Allegra’s CEO Forum brings specialty and mainstream together
GCR talks to Allegra about how the worlds of artisan coffee and the mainstream are feeding into each other, and what the results have been.
With the third wave of specialty coffee having well and truly taken hold in popular culture, the time is nigh when the big chain stores that dominate the high streets on both sides of the Atlantic have more in common with artisan cafés than they have differences.
As with so many trends in the coffee industry, this new phase in the dynamics of global coffee culture has been heralded by none other than Starbucks.
When it launched its flagship store, The Roastery, in Seattle in 2014, Starbucks made it clear to the world at large that specialty coffee had well and truly crossed over into the mainstream, and it is there to stay.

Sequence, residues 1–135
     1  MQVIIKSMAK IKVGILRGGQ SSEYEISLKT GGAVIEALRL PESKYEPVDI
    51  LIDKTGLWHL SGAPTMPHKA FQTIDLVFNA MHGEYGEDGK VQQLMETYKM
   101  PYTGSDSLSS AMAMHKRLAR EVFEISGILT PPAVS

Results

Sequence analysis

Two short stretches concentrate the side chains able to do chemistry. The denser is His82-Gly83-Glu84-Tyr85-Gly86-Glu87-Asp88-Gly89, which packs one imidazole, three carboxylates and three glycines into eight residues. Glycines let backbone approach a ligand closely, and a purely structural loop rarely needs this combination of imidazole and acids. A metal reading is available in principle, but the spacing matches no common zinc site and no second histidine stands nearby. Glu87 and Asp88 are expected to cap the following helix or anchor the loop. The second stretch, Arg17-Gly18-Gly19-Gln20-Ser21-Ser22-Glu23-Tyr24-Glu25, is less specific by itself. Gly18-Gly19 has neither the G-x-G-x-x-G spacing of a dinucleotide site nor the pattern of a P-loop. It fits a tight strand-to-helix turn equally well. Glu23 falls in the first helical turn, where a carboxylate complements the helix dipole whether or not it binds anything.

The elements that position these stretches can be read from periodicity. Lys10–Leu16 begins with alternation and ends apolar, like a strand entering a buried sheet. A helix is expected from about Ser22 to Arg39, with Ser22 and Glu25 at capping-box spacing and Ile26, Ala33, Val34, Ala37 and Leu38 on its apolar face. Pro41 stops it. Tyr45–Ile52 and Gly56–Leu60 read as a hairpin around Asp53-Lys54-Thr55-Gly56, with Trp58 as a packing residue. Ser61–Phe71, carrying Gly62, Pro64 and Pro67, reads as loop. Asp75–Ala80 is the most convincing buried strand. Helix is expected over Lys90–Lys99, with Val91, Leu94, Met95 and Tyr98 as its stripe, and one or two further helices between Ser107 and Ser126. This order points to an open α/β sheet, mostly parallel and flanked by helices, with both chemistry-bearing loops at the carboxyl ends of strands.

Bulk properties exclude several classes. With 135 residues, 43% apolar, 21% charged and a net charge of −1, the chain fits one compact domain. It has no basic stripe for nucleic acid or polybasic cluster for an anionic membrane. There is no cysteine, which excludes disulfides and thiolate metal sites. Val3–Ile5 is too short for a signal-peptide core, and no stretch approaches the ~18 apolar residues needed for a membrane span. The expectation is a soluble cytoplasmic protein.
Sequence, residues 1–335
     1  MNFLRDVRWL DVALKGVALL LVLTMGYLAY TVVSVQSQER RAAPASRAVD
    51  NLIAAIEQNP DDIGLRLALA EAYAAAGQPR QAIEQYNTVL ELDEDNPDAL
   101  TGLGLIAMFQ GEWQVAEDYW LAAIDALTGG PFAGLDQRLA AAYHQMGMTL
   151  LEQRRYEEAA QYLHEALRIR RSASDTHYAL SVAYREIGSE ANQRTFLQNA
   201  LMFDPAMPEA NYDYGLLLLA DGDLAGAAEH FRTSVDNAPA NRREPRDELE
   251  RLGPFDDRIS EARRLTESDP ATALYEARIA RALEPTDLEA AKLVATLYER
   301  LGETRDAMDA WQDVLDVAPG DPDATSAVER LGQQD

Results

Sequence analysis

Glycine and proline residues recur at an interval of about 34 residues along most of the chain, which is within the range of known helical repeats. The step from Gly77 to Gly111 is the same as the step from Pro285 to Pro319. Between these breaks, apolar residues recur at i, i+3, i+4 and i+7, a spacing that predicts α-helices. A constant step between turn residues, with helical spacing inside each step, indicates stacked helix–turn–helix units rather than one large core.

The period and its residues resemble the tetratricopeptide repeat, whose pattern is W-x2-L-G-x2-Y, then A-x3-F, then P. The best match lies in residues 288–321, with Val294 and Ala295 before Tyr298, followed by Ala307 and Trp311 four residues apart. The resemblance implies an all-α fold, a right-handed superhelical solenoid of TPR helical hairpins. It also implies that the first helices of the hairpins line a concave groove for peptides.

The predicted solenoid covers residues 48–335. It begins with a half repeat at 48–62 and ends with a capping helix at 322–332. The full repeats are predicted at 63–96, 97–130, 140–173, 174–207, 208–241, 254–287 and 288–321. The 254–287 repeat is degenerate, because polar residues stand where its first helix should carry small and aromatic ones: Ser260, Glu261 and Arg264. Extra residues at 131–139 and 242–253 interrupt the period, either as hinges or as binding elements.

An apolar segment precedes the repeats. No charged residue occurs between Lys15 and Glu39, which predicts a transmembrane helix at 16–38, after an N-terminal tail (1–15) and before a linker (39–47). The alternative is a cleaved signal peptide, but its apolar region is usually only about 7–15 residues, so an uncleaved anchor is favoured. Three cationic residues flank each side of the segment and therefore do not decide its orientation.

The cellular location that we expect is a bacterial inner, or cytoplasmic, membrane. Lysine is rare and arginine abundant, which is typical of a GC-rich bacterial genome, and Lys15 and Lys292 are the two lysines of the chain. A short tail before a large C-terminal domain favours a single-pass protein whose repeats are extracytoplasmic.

For those coffee purists who see the world as a binary equation of specialty versus mainstream, this may have come as something of a shock, but to the industry at large Starbucks’ embrace of all things specialty was a simple expression of the symbiotic role that artisan and mainstream roasters play in pushing forward the development of coffee culture around the world.
Managing Director of the Allegra Group Jeffrey Young, who is an experienced analyst of coffee trends in both the United Kingdom and the United States, says that Starbucks has long played a role as a conduit between the cutting edge of the coffee industry and the mainstream consumer.
“A lot of the really serious, successful artisan roasters will acknowledge that they owe a lot to the mighty Starbucks for getting the ball rolling,” Young tells Global Coffee Report.